Just reading about News.Me and, honestly… 

    Just reading about News.Me and, honestly, the notion that my Twitter followers — and no offense, folks — dictate the news to me just reinforces the lazy, gaming that Klout supports.

    “News.me is a social news reading app that presents the news that the people you follow on Twitter are reading.”

    Read more drivel about it at TechCrunch:

    http://techcrunch.com/2011/02/01/news-me/

     
  • dbinkowski 9:00 am on January 12, 2010 Permalink | Reply
    Tags: , social media   

    Fact: Social Media Can't Save Your Business 

    I have been wanting to write this post for a while now after reading someone say that Dell is a case study for how companies should engage in social media. For shits and giggles I decided to look at Dell’s stock price, which once traded as high as $42 a share and now hovers around $14, and then though “if they’re the case study, what about those companies actually making money?”. And with the close of 2009 it’s the perfect time to look at the performance of America’s top companies and see how many of them in the top 10 and bottom 10 are using social media, and to what affect it has on their business. Without further adieu, I present my argument.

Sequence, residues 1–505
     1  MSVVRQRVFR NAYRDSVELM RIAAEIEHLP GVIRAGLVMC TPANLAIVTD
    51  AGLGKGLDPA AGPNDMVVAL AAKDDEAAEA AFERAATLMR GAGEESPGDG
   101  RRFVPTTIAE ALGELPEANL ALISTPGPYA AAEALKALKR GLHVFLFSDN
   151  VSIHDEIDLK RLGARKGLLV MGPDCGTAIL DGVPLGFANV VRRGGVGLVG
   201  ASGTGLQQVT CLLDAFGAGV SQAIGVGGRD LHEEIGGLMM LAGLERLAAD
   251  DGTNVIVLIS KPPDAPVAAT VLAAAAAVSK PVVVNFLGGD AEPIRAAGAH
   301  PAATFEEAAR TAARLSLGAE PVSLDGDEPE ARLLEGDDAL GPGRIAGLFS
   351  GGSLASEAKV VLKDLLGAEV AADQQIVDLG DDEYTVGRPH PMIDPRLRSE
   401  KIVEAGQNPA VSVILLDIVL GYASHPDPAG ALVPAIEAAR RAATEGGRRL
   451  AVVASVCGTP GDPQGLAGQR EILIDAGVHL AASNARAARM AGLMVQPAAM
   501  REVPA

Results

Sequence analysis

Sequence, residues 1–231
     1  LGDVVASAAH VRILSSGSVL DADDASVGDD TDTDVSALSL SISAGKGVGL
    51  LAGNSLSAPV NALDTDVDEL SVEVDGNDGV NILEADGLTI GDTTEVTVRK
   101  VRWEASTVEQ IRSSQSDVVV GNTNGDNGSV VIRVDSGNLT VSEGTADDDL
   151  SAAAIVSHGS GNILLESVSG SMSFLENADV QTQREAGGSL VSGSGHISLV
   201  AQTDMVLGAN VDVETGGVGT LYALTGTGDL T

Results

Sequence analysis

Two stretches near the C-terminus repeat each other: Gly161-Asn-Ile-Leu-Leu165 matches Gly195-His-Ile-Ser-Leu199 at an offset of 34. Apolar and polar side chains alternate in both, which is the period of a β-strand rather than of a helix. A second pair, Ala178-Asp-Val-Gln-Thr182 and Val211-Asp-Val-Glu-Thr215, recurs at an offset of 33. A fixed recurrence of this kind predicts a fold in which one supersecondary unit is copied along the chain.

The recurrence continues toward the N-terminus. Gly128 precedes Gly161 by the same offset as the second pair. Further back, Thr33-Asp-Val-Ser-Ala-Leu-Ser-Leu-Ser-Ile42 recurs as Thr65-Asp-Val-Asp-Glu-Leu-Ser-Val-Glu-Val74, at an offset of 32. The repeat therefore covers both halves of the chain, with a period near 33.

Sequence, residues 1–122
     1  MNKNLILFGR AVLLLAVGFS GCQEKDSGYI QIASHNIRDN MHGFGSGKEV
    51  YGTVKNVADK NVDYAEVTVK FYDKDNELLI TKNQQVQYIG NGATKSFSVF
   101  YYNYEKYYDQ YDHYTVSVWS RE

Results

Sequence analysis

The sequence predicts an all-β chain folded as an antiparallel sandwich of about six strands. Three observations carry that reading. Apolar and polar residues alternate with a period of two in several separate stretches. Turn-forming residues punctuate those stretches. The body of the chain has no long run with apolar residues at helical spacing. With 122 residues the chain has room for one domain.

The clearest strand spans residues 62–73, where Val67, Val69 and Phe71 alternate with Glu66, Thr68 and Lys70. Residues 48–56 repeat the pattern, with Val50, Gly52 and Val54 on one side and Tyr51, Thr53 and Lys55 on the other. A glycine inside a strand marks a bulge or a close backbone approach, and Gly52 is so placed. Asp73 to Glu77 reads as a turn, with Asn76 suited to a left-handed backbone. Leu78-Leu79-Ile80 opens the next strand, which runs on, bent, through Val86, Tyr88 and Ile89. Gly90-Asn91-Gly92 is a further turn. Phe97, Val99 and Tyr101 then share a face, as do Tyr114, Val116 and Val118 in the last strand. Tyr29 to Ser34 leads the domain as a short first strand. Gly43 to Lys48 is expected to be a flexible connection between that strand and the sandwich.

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    • ShellyKramer 2:27 pm on January 12, 2010 Permalink | Reply

      What an interesting read, David. And you most definitely have a point. Oftentimes people think, incorrectly, that social media is the be all, end all solution – and, as we both know, it is not. Great thoughts – thanks for sharing.